An interview with deputy prosecutor of the District Antimafia Directorate in Catanzaro (Italy), Domenico Guarascio
Domenico Guarascio at just 38 years old has investigated over 1,000 individuals in Italy and across Europe, since joining the District Antimafia Directorate in Catanzaro (Italy) as deputy prosecutor in 2014. In the past month alone, his investigations have led to the arrest of 35 affiliates of the Calabrian mafia, the ‘Ndrangheta, and the seizure of over EUR 30 million worth of mafia-controlled assets. The Financial Crime Digest spoke to Domenico about the history, operations, and global footprint of the ‘Ndrangheta, which is considered to be the most powerful mafia organisation in Europe.
What is the ‘Ndrangheta?
The ‘Ndrangheta is a traditional criminal organisation, born in the southern Italian region of Calabria at the time of Italy’s unification in the 1860s. Initially a predatory group, it forged its operations around the practice of extortion, providing Calabrian locals with protection and employment. Their modus operandi is simple: if you pay us, nothing will happen to you. With time, the ‘Ndrangheta has permeated Italy’s economy and institutions. It became a leading criminal organisation from the 1950s until the 1970s, when it mastered cocaine trafficking.
Why is the ‘Ndrangheta a problem?
It is pervasive. Totally pervasive. In some areas of Italy its presence is such that its members and affiliates can influence electoral and economic processes. It is also a European, perhaps even a global, leader in the trafficking of cocaine, generating huge proceeds that are laundered, meticulously, through numerous activities. Moreover, the founding principle of the ‘Ndrangheta is omertà, which makes it difficult to defeat, penetrate and understand. Omertà is essentially a code of silence which all ‘Ndrangheta affiliates abide by, which means that all information about their organisation is kept secret. This is why the ‘Ndrangheta is an issue.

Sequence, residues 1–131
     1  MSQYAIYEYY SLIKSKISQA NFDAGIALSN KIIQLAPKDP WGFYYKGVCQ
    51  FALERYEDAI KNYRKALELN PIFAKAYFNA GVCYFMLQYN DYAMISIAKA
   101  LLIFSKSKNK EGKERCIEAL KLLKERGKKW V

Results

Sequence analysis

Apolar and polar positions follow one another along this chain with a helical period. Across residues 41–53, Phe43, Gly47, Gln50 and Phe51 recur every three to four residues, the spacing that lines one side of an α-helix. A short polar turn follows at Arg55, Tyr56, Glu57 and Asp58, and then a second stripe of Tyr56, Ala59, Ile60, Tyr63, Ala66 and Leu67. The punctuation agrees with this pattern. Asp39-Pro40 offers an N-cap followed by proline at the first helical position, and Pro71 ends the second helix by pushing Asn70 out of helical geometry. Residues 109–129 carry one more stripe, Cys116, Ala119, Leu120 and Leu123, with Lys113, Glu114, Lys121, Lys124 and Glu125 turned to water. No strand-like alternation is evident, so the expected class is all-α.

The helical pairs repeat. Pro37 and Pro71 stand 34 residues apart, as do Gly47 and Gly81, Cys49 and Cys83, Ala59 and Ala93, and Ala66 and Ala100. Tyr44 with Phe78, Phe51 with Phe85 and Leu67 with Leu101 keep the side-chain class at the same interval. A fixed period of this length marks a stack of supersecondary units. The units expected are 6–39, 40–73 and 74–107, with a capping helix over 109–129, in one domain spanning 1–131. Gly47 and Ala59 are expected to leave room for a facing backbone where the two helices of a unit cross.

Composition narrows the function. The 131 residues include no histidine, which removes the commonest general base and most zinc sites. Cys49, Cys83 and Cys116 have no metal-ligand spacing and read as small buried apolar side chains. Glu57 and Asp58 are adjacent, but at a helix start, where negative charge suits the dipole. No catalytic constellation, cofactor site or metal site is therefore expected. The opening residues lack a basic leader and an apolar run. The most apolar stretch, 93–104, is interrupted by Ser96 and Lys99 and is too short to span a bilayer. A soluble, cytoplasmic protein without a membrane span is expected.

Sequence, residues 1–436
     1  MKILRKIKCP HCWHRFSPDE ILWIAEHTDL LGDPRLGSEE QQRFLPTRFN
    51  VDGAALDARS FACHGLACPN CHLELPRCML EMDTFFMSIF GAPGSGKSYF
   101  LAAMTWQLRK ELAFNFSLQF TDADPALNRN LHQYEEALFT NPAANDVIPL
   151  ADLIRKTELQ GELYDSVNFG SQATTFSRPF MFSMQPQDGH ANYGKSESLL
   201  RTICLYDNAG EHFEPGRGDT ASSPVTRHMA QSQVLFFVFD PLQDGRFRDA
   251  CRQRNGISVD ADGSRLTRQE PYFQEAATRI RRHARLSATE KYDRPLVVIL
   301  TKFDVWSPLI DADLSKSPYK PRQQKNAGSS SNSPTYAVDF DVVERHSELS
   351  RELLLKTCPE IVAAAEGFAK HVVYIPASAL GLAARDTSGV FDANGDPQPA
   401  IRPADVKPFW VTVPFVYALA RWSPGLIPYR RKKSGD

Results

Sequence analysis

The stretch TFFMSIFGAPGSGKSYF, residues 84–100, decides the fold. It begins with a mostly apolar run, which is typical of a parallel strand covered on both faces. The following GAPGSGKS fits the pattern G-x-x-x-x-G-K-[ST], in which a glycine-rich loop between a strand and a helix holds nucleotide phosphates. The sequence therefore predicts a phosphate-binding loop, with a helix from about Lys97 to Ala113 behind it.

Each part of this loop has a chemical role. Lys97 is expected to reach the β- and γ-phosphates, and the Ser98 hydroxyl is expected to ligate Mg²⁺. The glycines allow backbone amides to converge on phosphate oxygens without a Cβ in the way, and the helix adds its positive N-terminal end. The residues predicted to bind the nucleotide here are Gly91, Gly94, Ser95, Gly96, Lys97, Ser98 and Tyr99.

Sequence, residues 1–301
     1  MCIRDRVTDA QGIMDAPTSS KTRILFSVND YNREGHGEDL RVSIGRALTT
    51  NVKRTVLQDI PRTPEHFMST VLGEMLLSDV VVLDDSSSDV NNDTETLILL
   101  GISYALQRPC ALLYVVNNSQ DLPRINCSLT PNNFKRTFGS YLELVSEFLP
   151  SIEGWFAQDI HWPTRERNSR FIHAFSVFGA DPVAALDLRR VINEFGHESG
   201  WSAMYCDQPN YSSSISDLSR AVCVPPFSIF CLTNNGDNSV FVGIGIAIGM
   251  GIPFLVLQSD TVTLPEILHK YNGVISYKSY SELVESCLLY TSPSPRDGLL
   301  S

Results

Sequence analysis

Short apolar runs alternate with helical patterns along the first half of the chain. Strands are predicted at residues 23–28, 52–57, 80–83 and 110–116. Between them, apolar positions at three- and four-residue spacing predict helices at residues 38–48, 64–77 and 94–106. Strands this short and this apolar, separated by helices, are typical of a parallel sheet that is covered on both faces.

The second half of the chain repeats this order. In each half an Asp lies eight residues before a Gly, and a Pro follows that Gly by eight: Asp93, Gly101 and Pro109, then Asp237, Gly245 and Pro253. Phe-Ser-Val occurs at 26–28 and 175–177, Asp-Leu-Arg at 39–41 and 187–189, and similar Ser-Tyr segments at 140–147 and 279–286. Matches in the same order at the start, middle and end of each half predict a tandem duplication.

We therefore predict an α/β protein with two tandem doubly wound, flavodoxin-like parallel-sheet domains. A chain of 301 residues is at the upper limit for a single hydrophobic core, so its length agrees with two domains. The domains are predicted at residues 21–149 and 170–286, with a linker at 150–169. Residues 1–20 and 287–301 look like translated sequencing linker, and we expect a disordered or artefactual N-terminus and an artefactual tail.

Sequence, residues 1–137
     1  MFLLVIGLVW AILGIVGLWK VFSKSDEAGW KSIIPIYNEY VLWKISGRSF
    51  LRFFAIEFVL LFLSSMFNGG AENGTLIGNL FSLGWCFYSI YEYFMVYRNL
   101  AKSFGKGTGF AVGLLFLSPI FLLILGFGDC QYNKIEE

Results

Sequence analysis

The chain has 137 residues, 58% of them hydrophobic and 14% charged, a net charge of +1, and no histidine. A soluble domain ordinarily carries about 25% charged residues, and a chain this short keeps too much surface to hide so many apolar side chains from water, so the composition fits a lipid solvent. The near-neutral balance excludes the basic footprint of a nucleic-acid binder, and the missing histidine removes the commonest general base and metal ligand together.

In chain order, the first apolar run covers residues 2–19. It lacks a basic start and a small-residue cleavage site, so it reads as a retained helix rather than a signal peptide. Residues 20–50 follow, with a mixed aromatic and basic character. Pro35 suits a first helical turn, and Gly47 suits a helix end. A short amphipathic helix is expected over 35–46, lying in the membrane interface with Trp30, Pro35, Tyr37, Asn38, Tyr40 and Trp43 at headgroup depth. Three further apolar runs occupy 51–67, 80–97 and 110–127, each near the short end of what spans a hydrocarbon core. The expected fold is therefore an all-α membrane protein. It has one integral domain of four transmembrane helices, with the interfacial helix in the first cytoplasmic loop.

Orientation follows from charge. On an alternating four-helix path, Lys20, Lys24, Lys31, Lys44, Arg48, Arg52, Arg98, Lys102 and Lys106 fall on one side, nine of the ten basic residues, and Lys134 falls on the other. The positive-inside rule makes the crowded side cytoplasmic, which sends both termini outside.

How did the ‘Ndrangheta become so powerful?
As opposed to other criminal organisations, the ‘Ndrangheta has been able to mutate over time. Other mobs, such as the Camorra, have retained their traditional predatory character, generating social alarm and embracing terror. The ‘Ndrangheta has instead silenced itself and penetrated, for instance, the institutions. This mob has a tendency to avoid confrontation with law enforcement. Instead, in the territories it controls, it guarantees buon ordine, providing protection and employment in return for people’s silence. This has allowed the ‘Ndrangheta to expand rapidly.
How did the ‘Ndrangheta develop, historically?
Extortion and robberies were common practice during the early years of the ‘Ndrangheta. Later, kidnapping also became a source of income for the mob. This coincided with a period of great economic expansion for the ‘Ndrangheta. For a time, kidnappings were a daily occurrence in Calabria, which allowed the ‘Ndrangheta to accumulate capital that was then reinvested in drug trafficking.
With the proceeds of drug trafficking, the Calabrian mafia began investing in a number of sectors, including real estate, construction, agriculture and restaurants. Interestingly, it also began defrauding the European Union, as do all other mafia organisations based in the south of Italy. So much so that one of the international organisations with which we cooperate the most is OLAF, the European Anti-Fraud Office.
It is difficult to predict how the ‘Ndrangheta will evolve in the future. Currently, our fight against it is so intense that the ‘Ndrangheta is seeking new, illicit ways to prosper. For the moment, we are focused on depriving the mob of its material property and hampering its ability to traffic drugs.
How is the ‘Ndrangheta different from other mafia organisations?
There is no clear, immediate difference between the ‘Ndrangheta and other mafia organisations. The Calabrian mafia, like the Camorra and Cosa Nostra (Sicilian mafia), relies on affiliation criteria, omertà and secrecy. However, while other mafia organisations have always retained a vertical, hierarchical structure, the ‘Ndrangheta is a “horizontal” mafia, in that it recognises very few leaders and is based upon familiar, blood ties. Such a characteristic has allowed it to expand epidemically.